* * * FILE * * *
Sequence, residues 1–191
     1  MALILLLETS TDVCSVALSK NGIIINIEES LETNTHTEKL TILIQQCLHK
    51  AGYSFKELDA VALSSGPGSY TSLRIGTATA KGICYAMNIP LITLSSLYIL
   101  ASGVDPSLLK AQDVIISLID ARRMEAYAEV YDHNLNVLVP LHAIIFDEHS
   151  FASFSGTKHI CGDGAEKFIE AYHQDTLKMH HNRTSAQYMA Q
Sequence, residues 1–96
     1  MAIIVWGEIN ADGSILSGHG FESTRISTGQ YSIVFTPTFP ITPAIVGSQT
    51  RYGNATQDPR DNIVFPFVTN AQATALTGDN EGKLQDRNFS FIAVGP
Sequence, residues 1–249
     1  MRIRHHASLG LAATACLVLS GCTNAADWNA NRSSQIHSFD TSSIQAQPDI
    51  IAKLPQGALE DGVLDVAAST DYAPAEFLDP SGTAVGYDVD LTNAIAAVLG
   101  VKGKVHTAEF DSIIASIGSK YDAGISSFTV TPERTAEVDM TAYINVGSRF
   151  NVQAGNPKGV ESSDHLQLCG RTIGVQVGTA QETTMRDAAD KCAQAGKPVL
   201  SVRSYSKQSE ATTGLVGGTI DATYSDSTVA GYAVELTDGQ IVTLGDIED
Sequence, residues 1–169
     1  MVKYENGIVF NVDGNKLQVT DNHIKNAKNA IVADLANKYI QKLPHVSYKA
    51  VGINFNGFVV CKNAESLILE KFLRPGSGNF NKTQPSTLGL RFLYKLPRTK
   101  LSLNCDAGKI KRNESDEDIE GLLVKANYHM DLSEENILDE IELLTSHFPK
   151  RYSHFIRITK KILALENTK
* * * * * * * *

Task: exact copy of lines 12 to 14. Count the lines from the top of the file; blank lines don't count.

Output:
   101  VKGKVHTAEF DSIIASIGSK YDAGISSFTV TPERTAEVDM TAYINVGSRF
   151  NVQAGNPKGV ESSDHLQLCG RTIGVQVGTA QETTMRDAAD KCAQAGKPVL
   201  SVRSYSKQSE ATTGLVGGTI DATYSDSTVA GYAVELTDGQ IVTLGDIED